Later in the program Phil’s wife Sheila Smith, a soprano, sang an enjoyable Broadway medley and then a duet with her husband and piano accompaniment on the standard “They Can’t Take That Away From Me.”  Phil also soloed on”What a Friend We Have in Jesus,” but I really enjoyed his turn, with piano, with  Gershwin’s “Someone to Watch Over Me.” I took the liberty of recording that gorgeous solo with my iPhone, and here it is. It’s not exactly a professional audio crew, but enjoy the sound of a brilliant musician who also is our neighbor—–Philip Smith:

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By Charles Layton

The Coaster has a story today (Thursday) about a petition drive aimed at changing Neptune Township’s form of government to a Mayor-Council system.

At present, Neptune is governed by five council members. According to the article, the petitioners, under the name NeptuneGovernment4All, want to change that to a system under which a mayor would be elected at large to a four-year term, and council members would be elected under a ward system rather than at large, as they are now.

The group’s website lists Warren Lapp, the former Republican candidate for township committee, as NG4A’s treasurer. No other officers or participants are listed. However, the Coaster quotes Dru Reynolds of Ocean Grove as one of the organizers. It quotes Reynolds as saying Neptune’s current system of choosing a mayor is undemocratic. Under that system, the five council members choose one of their own to serve a one-year mayoral term, on a rotating basis. Kevin McMillan is mayor this year, Randy Bishop will be mayor next year, and so on.

The Asbury Park Press also has an article on its website about the group —  go here to read it.

The Coaster’s article is more comprehensive. It’s on page one.

The proponents need to get at least 20 percent of Neptune’s registered voters to sign their petition by Sept. 2, the Coaster says, in order to place a referendum on the November ballot.

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A tradition preserved. Graduate Emily Crelin with her grandfather, who had also graduated in the Great Auditorium. Photo by Mary Walton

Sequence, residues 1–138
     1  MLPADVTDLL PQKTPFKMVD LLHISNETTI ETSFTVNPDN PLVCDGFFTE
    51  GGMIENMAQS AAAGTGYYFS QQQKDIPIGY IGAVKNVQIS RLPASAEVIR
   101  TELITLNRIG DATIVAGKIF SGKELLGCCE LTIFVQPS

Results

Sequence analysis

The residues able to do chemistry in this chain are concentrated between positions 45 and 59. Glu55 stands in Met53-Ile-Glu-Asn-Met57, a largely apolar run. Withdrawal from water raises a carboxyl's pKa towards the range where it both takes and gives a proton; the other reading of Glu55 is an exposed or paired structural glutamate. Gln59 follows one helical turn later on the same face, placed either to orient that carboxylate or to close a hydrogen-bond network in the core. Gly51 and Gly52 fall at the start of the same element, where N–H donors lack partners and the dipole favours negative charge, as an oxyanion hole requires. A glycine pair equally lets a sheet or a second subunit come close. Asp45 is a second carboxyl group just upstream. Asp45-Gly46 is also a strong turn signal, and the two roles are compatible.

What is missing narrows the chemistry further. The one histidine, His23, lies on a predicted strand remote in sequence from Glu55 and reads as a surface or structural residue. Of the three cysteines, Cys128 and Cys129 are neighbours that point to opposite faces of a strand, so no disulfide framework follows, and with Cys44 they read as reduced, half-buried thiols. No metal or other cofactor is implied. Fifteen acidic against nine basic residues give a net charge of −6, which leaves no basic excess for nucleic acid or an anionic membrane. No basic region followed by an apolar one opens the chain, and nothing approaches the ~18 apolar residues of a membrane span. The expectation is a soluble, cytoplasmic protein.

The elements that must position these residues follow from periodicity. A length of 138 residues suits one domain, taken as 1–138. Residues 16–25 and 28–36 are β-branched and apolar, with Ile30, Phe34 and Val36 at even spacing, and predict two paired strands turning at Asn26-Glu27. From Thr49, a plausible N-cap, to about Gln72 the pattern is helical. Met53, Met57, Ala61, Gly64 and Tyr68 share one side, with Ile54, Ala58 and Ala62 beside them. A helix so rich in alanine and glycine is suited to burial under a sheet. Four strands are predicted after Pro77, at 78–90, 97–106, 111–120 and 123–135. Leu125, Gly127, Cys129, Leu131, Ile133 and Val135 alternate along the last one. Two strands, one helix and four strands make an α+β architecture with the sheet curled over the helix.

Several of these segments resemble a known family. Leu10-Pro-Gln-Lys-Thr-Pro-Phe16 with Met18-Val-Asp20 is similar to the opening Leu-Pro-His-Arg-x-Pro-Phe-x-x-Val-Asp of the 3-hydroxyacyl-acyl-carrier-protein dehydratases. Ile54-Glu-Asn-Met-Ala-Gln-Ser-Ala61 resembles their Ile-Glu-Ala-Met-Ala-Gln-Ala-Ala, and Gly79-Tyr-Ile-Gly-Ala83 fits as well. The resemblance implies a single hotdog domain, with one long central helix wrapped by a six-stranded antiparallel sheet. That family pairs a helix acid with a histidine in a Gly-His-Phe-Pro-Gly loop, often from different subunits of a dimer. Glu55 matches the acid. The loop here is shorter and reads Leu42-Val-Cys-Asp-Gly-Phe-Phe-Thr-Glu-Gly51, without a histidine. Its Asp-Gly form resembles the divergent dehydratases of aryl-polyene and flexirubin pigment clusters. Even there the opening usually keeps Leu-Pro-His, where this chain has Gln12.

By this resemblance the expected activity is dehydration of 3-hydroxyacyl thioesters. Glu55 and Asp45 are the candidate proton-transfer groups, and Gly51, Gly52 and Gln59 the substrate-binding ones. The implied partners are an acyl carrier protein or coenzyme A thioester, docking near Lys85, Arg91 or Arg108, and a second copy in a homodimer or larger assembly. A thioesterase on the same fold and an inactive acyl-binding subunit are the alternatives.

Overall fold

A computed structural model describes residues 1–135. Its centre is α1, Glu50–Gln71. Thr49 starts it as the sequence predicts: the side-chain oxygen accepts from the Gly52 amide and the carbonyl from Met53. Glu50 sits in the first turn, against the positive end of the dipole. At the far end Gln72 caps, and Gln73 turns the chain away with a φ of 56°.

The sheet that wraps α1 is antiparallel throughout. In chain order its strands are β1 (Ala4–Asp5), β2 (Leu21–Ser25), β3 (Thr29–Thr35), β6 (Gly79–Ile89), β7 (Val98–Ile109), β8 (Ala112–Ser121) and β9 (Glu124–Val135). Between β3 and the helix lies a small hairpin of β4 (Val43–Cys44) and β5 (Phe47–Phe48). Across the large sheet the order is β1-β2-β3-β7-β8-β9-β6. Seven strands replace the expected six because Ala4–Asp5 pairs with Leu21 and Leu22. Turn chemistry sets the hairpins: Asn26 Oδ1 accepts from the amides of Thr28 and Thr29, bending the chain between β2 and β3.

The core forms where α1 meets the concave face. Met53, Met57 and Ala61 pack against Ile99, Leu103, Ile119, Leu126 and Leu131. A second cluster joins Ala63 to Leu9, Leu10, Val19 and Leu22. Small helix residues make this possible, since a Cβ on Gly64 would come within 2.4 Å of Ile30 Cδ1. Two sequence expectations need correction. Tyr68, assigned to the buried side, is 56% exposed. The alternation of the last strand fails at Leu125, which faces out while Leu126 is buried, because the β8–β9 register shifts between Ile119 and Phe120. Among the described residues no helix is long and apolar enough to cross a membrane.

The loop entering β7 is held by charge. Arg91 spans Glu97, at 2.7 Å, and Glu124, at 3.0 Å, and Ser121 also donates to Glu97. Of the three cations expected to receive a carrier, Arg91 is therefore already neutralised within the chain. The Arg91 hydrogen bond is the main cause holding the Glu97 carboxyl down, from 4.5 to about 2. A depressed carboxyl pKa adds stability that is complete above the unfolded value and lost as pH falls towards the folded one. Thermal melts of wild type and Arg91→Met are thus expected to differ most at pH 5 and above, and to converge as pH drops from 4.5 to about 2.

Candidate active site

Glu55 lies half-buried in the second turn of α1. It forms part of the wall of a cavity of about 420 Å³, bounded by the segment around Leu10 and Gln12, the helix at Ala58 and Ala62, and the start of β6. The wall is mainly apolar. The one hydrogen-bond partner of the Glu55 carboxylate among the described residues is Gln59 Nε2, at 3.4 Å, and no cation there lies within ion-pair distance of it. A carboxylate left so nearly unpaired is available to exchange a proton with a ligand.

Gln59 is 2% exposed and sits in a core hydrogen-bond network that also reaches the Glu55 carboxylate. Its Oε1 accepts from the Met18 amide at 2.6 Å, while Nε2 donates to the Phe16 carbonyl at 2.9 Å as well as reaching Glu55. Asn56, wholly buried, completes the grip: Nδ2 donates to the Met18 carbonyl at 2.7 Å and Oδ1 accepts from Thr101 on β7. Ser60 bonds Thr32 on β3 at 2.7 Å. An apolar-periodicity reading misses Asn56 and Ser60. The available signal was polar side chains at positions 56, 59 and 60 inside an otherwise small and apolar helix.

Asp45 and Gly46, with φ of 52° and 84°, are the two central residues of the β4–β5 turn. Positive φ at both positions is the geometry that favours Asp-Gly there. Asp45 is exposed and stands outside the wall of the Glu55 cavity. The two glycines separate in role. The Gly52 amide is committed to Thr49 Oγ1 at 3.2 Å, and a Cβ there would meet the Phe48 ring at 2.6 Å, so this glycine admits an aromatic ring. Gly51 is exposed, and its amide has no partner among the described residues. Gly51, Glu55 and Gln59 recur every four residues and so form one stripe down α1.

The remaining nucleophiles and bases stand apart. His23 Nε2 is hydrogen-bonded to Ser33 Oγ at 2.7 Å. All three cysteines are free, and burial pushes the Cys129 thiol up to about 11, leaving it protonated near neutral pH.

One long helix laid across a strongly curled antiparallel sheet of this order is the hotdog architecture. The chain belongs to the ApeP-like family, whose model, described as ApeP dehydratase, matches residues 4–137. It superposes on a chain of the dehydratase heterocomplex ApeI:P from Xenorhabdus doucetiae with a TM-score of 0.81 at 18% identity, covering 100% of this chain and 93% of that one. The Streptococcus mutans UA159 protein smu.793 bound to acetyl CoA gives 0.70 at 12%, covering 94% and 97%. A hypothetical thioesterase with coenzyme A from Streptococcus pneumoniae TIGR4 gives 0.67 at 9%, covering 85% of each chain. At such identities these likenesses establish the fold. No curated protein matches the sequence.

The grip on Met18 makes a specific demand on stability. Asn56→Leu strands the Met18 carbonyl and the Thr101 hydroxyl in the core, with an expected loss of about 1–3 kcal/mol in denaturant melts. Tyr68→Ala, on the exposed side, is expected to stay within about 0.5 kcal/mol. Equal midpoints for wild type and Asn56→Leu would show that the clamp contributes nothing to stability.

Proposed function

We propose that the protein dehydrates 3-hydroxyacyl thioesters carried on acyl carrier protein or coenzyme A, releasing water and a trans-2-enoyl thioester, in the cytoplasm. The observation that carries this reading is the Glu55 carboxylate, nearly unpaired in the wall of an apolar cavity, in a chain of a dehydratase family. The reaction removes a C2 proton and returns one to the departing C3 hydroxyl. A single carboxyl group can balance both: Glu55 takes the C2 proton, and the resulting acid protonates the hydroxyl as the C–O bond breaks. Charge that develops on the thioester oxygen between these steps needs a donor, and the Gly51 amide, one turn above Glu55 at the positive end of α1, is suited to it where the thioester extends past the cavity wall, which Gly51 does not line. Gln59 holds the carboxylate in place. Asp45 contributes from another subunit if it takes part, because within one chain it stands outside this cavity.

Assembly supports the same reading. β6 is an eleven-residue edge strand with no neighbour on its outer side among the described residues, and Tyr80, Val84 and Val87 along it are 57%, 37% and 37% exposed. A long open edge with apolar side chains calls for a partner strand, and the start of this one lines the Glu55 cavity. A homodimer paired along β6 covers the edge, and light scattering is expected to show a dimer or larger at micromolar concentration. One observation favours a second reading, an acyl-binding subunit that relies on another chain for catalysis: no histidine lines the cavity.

By Kat Cavano

The graduating class of Neptune High School gathered at the Great Auditorium Friday night for a ritual dating back seven decades.  Girls in white gowns and boys in black exchanged hugs and kisses with their classmates and posed for pictures snapped by proud parents.  Like the thunder and lightning that swept through Ocean Grove just an hour before the 320 graduates assembled, a stormy controversy that had threatened to derail the ceremony receded in the joy of the moment.

But the evidence was there.  A bouquet of colored balloons masked a small cross outside the building; within the auditorium, school banners were draped across two religious signs over the stage; the illuminated cross on the front of the auditorium remained dark.  Covering those religious symbols was key to an agreement between the Neptune Township School District and the American Civil Liberties Union after a woman complained that the graduation ceremony in the auditorium, a place of worship, violated the separation of church and state.

And so a tradition was preserved. Graduate Emily Crelin of Shark River Hills said she cherished the fact that she was literally following in the footsteps of her grandfather, Bob Crelin, who was at her side as she spoke. He graduated from ‘Old’ Neptune High School in 1957 and also received his diploma in the Great Auditorium. Emily also had an important role to play in Friday’s ceremony, delivering the “Passing of the Torch” speech to the class below hers. She would tell them, she said, to “live it up, because senior year is just going to fly by.”

“It’s finally my time,” she said, clutching a half dozen red roses to her chest. All the female graduates received a similar bouquet. “And graduating here is very prestigious.”

Graduate Danny Oquendo. Photo by Mary Walton

Danny Oquendo was the first Neptune High graduate in his family, but he, too, had strong feelings about the ceremony in the Great Auditorium. “Ocean Grove is like a second home to me in the summer,” he said. “The Auditorium has such a long history, it’s special.”

The event drew a clutch of protesters from Point Pleasant Beach who objected to the Neptune School Board’s concessions to the ACLU. Calling themselves Citizens for a Free America, they handed out flyers and small crosses. It was “absurd,” said one, to allow “the government to run religion.” Another said the agreement was a form of censorship. “Our founding fathers would be spinning in their graves,” she said.

Protesters said the compromise was "absurd." Photo by Tracey James